TransferWise CMS refresh


Dan Laush

I initiated and led a project to share exciting, engaging messages with potential customers by separating the frontend and backend of TransferWise’s marketing CMS. This made it easier for developers to contribute new widgets and improved the editor's experience, as well as freshened up the design of landing pages with the latest from the company design system.

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The custom in-house marketing CMS at TransferWise, Lienzo, made it difficult to share exciting, engaging messages with potential customers.

It was originally created to quickly scaffold landing pages for SEO experiments, but had expanded its scope over time to be used by the digital ads team, product managers, legal, and more. These new users had a different set of requirements, and the CMS fell short in a few places:

  • It was difficult for developers, especially outside the CMS team, to add new features to spruce up marketing pages. The custom frontend did not follow modern best practices used across the rest of the company.
  • The editor’s experience was unintuitive, which made it difficult for newcomers to use. Page editors could not preview changes before publishing them so they had to know exactly what they wanted to do. It could not server-side render React components, so pages created with Lienzo could not easily integrate common UI components shared across the company in an SEO-friendly way.
Travel Money comparison page
A bespoke landing page showing customers how much they could save over buying Travel Money cash from a retailer.


Next.js frontend for a headless CMS

We leveraged the CMS' existing API, used by the SEO team for editing pages in bulk. This made it possible to quickly prototype a proof of concept with Next.js.

How it works (core application flow): When the user requests a URL, the Next.js app asks the API if a page exists at that route. If the page exists, the API returns the list of "widgets" configured to display on that page. A Heading widget might have a title, image and call-to-action link. Widgets are mapped into React components, dynamically importing only the necessary ones to render the page.

This gave us a Server-Side Rendering pipeline for React, which improved the general design of all the pages—the company design system had migrated to React, and it was difficult to keep Lienzo's custom frontend setup up to date. Switching to Next.js also made it possible to use several other tools and libraries shared by frontend apps across the company.

Developers describe contributing as "a pleasure to work with"

The new frontend lowered the barrier of entry for TransferWise developers to add complex, custom widgets to pages created with Lienzo.

Example: The High Amount Transfers team launched a new volume-based discount feature, and designed an interactive slider so customers could explore how much they would save. They wanted to showcase this component on a marketing page, but on the old Lienzo frontend pages were limited to existing widgets. Before we introduced them to the new frontend, the developers had planned to make a new Next.js app and recreate several widgets already existing in Lienzo just for this page.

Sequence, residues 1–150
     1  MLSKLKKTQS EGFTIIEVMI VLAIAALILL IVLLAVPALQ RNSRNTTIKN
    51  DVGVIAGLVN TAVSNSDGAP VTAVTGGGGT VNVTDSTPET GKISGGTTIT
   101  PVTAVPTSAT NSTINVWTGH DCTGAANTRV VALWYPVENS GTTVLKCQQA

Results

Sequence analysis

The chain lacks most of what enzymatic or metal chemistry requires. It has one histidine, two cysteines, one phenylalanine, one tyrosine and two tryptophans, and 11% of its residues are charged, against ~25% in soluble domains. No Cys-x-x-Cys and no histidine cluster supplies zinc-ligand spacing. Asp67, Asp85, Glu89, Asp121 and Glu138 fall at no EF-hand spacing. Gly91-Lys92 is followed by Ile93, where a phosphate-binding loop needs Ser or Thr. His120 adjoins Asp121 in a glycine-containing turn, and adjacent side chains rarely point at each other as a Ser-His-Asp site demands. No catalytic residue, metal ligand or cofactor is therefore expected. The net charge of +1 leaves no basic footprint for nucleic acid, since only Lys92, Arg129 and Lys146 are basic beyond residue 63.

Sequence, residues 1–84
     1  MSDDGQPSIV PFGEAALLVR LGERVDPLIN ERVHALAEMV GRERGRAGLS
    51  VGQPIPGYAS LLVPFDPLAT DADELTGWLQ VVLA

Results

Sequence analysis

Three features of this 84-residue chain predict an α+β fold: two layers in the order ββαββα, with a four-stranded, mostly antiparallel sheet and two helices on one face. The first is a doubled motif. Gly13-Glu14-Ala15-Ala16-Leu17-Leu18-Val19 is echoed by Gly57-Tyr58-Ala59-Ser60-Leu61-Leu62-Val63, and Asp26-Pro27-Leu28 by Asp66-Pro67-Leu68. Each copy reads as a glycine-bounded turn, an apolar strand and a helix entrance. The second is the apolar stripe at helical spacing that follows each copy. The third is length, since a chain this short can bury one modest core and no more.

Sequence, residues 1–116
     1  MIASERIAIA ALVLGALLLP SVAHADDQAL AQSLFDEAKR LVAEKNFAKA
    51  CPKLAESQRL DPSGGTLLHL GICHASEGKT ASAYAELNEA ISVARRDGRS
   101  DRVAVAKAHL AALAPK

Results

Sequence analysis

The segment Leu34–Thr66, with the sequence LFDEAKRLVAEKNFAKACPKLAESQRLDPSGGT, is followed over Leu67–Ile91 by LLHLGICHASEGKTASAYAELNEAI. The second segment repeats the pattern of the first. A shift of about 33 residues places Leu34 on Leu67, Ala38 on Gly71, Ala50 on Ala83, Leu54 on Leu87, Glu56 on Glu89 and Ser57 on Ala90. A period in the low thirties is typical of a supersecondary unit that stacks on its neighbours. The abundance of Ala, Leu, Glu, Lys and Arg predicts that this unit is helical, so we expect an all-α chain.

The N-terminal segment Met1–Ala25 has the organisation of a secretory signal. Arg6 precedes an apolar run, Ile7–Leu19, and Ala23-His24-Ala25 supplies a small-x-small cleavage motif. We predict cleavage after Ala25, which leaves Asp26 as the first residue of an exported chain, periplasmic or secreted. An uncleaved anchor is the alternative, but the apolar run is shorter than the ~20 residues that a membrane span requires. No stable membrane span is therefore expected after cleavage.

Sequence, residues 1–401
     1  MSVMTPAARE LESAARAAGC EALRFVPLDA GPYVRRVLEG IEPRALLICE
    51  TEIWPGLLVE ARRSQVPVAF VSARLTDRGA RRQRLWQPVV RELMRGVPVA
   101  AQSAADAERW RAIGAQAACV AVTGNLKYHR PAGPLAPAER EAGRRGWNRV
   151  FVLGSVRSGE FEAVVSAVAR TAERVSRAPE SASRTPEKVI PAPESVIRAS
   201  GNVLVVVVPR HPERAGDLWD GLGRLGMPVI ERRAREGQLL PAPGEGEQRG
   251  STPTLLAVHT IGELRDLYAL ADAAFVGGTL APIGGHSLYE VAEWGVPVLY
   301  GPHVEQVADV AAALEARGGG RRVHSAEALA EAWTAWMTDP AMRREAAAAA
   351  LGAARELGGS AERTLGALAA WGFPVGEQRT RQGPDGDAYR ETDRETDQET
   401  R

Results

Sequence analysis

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The Monthly Volume Discount landing page

Instead, they used the CMS to manage 90% of the landing page with existing widgets. This gave their engineers time to focus on the key feature, with none of the long term maintenance responsibilities of creating a new app.

The JavaScript codebase keeps bespoke code isolated and makes the dependency chain more explicit, which will keep the codebase healthy over the long term. The legacy frontend used a traditional setup of CSS classes in template files to trigger JS behaviour defined elsewhere in the codebase, which led to difficulty troubleshooting complex issues.

Conventions for widget-building were well-documented, and were designed for developers to fall into the pit of success.

Editors build pages with a live preview

Another challenge to storytelling on Lienzo was the editors' experience. The "edit page" view was a series of text inputs and select boxes, and without a revision or draft system the editor had to mentally visualise the changes they were making, then publish blindly. There was a limited preview system which only worked for new, pre-published pages. Once the page was live, the editor had to know which widget they wanted to add based on its name.

Size-by-side view of the edit screen and what that configuration looks like in the new frontend
The editor's new preview mode

To solve this, I created a /preview route in Next.js and embedded it in the edit view as an iframe. When content or config changed in the edit view, it would push new data into the preview pane with the postMessage() API, rendering the page as the editor works on it. The result was a fluid experience that allowed editors to experiment and design in a more intuitive way.